ASIA NEWS NETWORK
WE KNOW ASIA BETTER
Publication Date : 22-10-2013
The Diwali season proves that amid the vast variety of Indian sweets, the ladoo still stands strong as a favourite among many
There are many varieties of Indian sweetmeats but the ball-shaped ladoo still “reigns supreme”. And there can be no better testimony of this than when Diwali, or Deepavali, is around the corner.
And it is selling like hot cakes at the Punjabi Sweet Corner, one of Klang’s renowned Indian sweetmeat stalls.
The stall, located at Little India in Klang, sells about 1,200 ladoo daily during this period.
Though it may vary in flavours, "original flavour" ladoo is typically made using chickpea flour, wheat semolina and ground coconut, cooked in ghee.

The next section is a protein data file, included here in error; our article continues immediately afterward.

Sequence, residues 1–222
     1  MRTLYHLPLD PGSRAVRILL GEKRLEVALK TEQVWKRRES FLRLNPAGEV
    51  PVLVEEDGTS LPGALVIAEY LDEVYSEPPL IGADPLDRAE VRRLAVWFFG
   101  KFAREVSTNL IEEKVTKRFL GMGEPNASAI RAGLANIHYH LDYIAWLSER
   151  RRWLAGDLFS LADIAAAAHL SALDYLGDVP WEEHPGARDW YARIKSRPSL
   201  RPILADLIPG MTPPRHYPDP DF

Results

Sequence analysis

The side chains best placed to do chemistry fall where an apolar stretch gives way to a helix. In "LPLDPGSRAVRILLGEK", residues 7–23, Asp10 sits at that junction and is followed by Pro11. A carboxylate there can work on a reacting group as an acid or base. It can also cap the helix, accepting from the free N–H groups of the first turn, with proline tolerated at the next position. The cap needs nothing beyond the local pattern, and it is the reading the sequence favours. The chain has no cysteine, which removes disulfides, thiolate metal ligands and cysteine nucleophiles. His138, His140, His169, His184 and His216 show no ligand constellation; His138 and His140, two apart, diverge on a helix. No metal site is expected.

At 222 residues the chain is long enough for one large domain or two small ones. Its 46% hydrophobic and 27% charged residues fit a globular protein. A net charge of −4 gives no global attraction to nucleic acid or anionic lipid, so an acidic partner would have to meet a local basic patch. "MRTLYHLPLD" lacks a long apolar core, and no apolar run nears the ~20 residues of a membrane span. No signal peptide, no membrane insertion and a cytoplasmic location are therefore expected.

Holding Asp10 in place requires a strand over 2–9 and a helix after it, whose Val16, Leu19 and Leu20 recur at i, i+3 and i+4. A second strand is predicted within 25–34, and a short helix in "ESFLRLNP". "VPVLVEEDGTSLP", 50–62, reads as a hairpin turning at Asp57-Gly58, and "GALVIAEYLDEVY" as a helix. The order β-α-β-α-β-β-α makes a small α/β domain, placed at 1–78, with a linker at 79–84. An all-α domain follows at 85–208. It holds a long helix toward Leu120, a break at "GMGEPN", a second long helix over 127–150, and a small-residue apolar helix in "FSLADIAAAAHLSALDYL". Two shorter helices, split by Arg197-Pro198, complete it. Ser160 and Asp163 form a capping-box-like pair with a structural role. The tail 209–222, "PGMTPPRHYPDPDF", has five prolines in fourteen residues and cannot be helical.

Other popular delicacies there include the pakora and vadai.
According to shop assistant Jarnail Singh, 28, the number of ladoo sold increased as the Festival of Lights approached.
Diwali, or commonly called Deepavali in Malaysia, falls on November 3 this year.
“Normally, I sell about 500 ladoo a day. But this increases greatly during Deepavali,” he said.
The sweetmeats shop sells four types of ladoo – regular, Punjabi ladoo, orange and the semolina varieties – with the regular as the most popular.
The stall, which has been operating there over the past 19 years, is owned by Klang resident Dalbir Kaur.
Dalbir’s daughter Sharanjit Kaur, 32, said high quality ghee and dairy products were used to make the ladoo.